By Mark A. Leon
On January 20th, 2000, a protest on the Charleston, SC sparked a police riot and got the attention of a nation. Seventeen years later, we remember the five individuals that became the center of the protest, riot and trial. This was an event where class struggles and racism came together for one explosive chain of events. The trial coined a vocal moment called, ‘Free The Charleston Five’.
In January 2000, after a march on Colombia, SC 3 days earlier to lower the Confederate flag from the State Capital, 150 members of the International Longshoremen’s Association Local 1422 held a militant picket to protest the use of non-union labor by a small, renegade shipping line on the Charleston docks. The demonstration soon escalated into a violent face-off between authorities numbering over 600 and the workers, five of whom now faced trial for felony rioting charges in what has become one of the most closely-watched Southern labor battles.
Jason Edgerton, Elijah Ford Jr., Kenneth Jefferson, Ricky Simmons and Peter Washington Jr. were tried on federal charges of “felonious riot.” Considered by many as targets of a racist anti-union assault aimed at the heart of labor, as the bosses seek to break a key outpost of unionism in the South: Charleston, the East Coast’s second largest port. At the time, only 4% of South Carolina was unionized.
Freeing the South Carolina dock workers became a national and international cause, and eventually the state backed down, agreeing to release them on misdemeanor charges. ILA Local 1422 has continued to be a vital center for community action in the area, including serving as a meeting ground for the Charleston Black Lives Matter movement after the police shooting of Walter Scott in April 2015.
Today, with the Boeing anti-union activism in South Carolina, Walter Scott, Emanuel AME and smaller unspoken incidents, it appears, we may not have moved much in the last seventeen years, other than becoming a little more peaceful in our feelings and actions.
Excerpt of Article in The Internationalist, June, 2001:
“Three days before the police riot of 20 January 2000, ILA Local 1422 participated in a march of tens of thousands in Columbia, the state capital, demanding that the Confederate flag be taken down from above the statehouse. The brutal attack in Charleston was in good part a “payback” from the racist state government. Yet the protest against the hated flag of slavery and KKK terror was exploited as a vehicle by the capitalist politicians of the Democratic Party – the same party of racism and exploitation that put the flag there in 1962 as a threatening show of hatred of the civil rights movement against Jim Crow segregation. In response to the protests, a “compromise solution” backed by Governor James Hodges and Charleston mayor Joseph Riley, Democrats elected with union backing, moved the racist banner from the top to the front of the building.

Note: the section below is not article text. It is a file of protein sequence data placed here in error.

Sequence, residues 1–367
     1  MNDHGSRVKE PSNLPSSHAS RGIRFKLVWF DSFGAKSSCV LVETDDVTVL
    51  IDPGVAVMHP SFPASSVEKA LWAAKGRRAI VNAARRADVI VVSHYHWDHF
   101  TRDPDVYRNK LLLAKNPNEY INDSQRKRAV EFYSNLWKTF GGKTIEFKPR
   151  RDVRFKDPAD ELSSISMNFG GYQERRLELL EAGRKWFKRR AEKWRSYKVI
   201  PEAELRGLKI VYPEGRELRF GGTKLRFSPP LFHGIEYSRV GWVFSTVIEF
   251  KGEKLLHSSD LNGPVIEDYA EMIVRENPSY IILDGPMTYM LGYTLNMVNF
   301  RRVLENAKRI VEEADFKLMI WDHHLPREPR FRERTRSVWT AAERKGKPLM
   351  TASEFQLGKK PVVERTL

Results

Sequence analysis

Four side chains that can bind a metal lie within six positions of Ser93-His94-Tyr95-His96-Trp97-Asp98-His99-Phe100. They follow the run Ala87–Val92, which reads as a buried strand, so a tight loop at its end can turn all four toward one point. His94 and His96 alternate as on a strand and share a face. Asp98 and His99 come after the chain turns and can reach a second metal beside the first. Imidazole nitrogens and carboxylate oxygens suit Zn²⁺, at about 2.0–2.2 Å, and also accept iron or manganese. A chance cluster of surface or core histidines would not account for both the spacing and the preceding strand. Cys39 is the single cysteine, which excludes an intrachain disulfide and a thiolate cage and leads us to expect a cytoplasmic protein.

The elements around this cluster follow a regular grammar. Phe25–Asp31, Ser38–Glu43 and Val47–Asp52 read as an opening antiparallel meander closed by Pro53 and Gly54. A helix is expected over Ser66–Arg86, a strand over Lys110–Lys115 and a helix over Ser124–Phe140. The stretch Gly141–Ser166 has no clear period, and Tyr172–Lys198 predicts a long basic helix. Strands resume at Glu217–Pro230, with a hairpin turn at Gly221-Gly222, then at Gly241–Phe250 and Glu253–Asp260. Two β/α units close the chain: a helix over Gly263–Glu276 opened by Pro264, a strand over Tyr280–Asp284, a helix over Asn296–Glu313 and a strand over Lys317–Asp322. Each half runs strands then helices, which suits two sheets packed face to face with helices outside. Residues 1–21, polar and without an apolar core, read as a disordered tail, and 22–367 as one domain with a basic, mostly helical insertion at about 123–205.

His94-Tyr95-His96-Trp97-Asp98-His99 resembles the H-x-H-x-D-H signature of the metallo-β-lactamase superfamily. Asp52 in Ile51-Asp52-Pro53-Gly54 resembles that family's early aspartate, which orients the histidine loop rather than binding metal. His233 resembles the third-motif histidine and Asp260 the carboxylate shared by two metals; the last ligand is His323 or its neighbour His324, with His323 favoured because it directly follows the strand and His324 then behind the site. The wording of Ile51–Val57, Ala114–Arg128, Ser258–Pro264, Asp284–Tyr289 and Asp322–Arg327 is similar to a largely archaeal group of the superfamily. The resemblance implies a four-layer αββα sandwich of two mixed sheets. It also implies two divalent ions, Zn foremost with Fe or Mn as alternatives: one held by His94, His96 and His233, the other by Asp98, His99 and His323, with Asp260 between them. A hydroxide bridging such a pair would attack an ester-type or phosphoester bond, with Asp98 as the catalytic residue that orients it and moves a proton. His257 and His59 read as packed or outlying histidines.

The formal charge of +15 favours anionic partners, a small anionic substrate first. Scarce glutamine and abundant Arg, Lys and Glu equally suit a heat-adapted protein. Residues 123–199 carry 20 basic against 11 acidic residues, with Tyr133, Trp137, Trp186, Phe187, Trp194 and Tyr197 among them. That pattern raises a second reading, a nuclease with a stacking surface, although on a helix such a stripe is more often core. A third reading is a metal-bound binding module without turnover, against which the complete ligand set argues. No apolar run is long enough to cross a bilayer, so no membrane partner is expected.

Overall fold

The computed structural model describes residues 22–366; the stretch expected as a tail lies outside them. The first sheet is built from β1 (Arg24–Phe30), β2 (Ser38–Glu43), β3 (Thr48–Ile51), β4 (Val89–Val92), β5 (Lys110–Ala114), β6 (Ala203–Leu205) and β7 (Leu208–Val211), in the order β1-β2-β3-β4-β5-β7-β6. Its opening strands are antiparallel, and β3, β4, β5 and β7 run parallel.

South Carolina labor does the legwork for the Democrats, and in return gets kicked in the teeth. After the longshoremen helped elect Hodges governor, he nominated Local 1422 president Ken Riley to the Port Authority, that is, to serve as a “labor statesman” helping the bosses administer port workers’ exploitation. The maritime companies said no way – and the nomination was promptly withdrawn. The longshoremen, together with a range of “progressive” groups, responded by picketing the state Democratic Party in Columbia. Yet in Charleston, the Local 1422 union hall doubles as Democratic headquarters! Now the Republicans seek to ram through a bill, known as the “Riley Act,” banning “card-carrying” unionists from serving on state boards so that, in the words of lieutenant governor Harvey Peeler, “the right-to-work foundation of our pro-business climate is never again compromised by union politics.”
Today, the two Carolinas boast the lowest rate of unionization in the entire United States: just above 4 percent. South Carolina is one of two states that do not comply with the federal minimum wage law. Low-wage, non-union labor has been the attraction for “run-away shops” including from France (Michelin tires) and Germany (BMW and others). Seeing themselves as born-again plantation overseers, the capitalist authorities have a special hatred for black longshore unionists who are a nucleus of labor organization in this state, where attempts to drive workers into virtual slave-labor conditions are cynically called “right-to-work” laws.”
Read more about the history and politics of the Charleston Five Incident: Facing Flag Article ‘Flashback: The Charleston Five and the black struggle for justice’ (2015) and The Internationalist Article ‘Defend the Charleston Five!’ (2001)